Marked by a snow-white dial with a texture evocative of tree bark, the SLGH005 timepiece from the Japanese watchmaker Grand Seiko was informed by the shirakaba (white birch trees) that thrive in Japan’s northern region, particularly those near the company’s studio in Shizukuishi, where the accessory is made. Released earlier this year as part of Grand Seiko’s Heritage Collection, the “White Birch” watch elegantly symbolizes the deep connections between nature and time—elements that feature in every timepiece the company creates—and serves as a fitting muse for a multisensory installation that Grand Seiko will debut this week at the Design Miami collectible design fair.
Titled “The Journey of Birch” (on view Dec. 1–5), the immersive experience was designed by BCXSY, an Amsterdam-based creative practice that was founded in 2007 by designers Boaz Cohen and Sayaka Yamamoto. BCXSY’s work often exists at the intersection of craft, history, and the natural world, as is apparent in past projects including a series of furniture that celebrates the tiny fossils embedded in Vicenza stone, and a collection of fruit-shaped ceramic vases informed by plants that Cohen and Yamamoto observed at the National Palace Museum in Taipei.
For the Grand Seiko installation, BCXSY devised an alluring, abstract representation of a birch forest. A custom indigo-colored wallpaper woven with shimmering metallic fibers lines the space’s interior, creating an ethereal atmosphere. Toward the center of the room, three different-sized metal rods—representing hours, minutes, and seconds, respectively—extend from the ceiling into a ring of sand on the floor and mimic the colors seen on the “White Birch” watch dial. The mechanized rods slowly revolve around a central birch trunk, creating circles in the sand that mark the passing of time. Placed throughout the booth are benches that resemble wooden shipping crates, a reference to movement and travel. Each is equipped with headphones that transmit the meditative sounds of the rods moving through the sand.
We recently spoke with Cohen and Yamamoto to learn more about the ideas behind the installation, and about how it fits into their larger design practice.
How did you come up with the concept for the installation?
Boaz Cohen: We wanted to create a complete experience, something a bit like a dreamlike forest, inspired by the birch woods—particularly those found on the Hiraniwa Plateau [in Japan’s Iwate Prefecture] that Grand Seiko is helping to protect. That whole story really touched us. It’s beautiful to see a company that cares about nature and about the country that it’s from. So, to wrap the walls, we designed a wallpaper that provides an abstract yet recognizable representation of the birch woods. In the middle of the clock, there’s a white birch going from the sand pool to the ceiling.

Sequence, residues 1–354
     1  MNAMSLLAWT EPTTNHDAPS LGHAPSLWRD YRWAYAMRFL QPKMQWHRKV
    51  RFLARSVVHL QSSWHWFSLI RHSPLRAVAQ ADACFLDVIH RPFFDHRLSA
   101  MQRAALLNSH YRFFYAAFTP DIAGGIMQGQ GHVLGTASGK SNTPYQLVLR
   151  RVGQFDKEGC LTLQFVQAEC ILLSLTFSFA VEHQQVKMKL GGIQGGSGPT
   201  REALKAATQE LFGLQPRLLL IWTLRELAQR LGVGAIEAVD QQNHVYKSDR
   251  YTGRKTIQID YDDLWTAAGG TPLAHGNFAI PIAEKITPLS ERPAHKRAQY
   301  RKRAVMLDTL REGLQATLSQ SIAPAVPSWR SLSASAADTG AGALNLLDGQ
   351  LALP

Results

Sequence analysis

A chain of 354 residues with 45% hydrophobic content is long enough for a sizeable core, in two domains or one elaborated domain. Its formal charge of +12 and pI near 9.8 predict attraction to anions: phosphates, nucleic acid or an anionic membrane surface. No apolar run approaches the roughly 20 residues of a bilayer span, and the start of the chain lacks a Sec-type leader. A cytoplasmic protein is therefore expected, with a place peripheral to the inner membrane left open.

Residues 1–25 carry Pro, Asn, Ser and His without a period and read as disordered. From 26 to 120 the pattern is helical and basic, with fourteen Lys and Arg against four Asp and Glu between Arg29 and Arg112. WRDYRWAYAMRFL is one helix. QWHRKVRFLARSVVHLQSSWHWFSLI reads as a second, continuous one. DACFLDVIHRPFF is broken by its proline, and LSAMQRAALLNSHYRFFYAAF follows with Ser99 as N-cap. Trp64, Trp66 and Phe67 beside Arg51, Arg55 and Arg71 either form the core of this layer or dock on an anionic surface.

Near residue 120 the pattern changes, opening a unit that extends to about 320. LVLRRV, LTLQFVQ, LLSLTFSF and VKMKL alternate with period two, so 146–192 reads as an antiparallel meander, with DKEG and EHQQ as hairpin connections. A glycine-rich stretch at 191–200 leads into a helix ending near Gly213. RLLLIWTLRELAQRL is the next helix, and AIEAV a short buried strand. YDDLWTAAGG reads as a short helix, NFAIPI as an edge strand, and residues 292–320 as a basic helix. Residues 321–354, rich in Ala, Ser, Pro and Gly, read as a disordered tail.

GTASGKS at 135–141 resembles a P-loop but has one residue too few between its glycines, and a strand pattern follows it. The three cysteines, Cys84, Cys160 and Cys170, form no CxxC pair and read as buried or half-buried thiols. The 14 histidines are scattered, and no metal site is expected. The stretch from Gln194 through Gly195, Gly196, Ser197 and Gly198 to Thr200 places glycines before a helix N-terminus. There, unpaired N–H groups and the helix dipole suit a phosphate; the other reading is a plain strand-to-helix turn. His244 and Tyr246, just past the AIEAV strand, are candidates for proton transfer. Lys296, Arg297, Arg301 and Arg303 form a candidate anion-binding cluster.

As for the title, “The Journey of Birch,” we were initially hoping to get a birch tree to literally travel from Japan to Miami, which, for logistical reasons, couldn’t happen. Nevertheless, we wanted to suggest and illustrate the idea of movement, both in the obvious sense of a watch’s [hands moving] and in the sense of travel and transport. [You’ll see] benches that appear to be made from shipping crates. Elsewhere, there are crates topped with a section of a birch tree trunk.
We also wanted the installation to give people a moment of meditative [calm]. By putting on one of the headsets, you can really take a little break from the busy environment of the fair, and be with yourself and what is in front of you.
Sayaka Yamamoto: We want visitors to feel like they are surrounded by a big surrealistic forest. So you sit there, listen, and take time to see the time. You usually can’t see time or feel time—it’s not tactile—but here, you can use other [senses] to do so.
Are any formal aspects of the “White Birch” timepiece—such as its craftsmanship and technology—apparent in the space?
Cohen: This installation is our emotional interpretation of the watch. We didn’t take things too literally. That’s because the watch is, of course, perfect: Every smallest detail is extremely well thought out and well executed. The texture of its surface, for example—it’s amazing how something on that scale can contain so much detail and skill. We would never dare add to it. The only thing we could do to honor it was to express a related atmosphere.
How do you think about nature and time in your design work more broadly
Yamamoto: We love nature as nature, but also as a material to work with, [and often] use it literally as the material to produce a product.
Cohen: Nature and time are things we think a lot about and that we care a lot about. One thing that we like about nature is that it has a certain strangeness. There are so many things in nature that are kind of weird, like things you would look at and think, Who would have thought to make this in this way? And time, in a very different way, shares this strangeness. It’s one of those concepts that we as human beings have made lovely tools to measure, but there is still something very abstract about it. It’s one of the biggest topics that touch us as human beings, so it’s something which is very present in our work.
What do you want visitors to take away from the installation?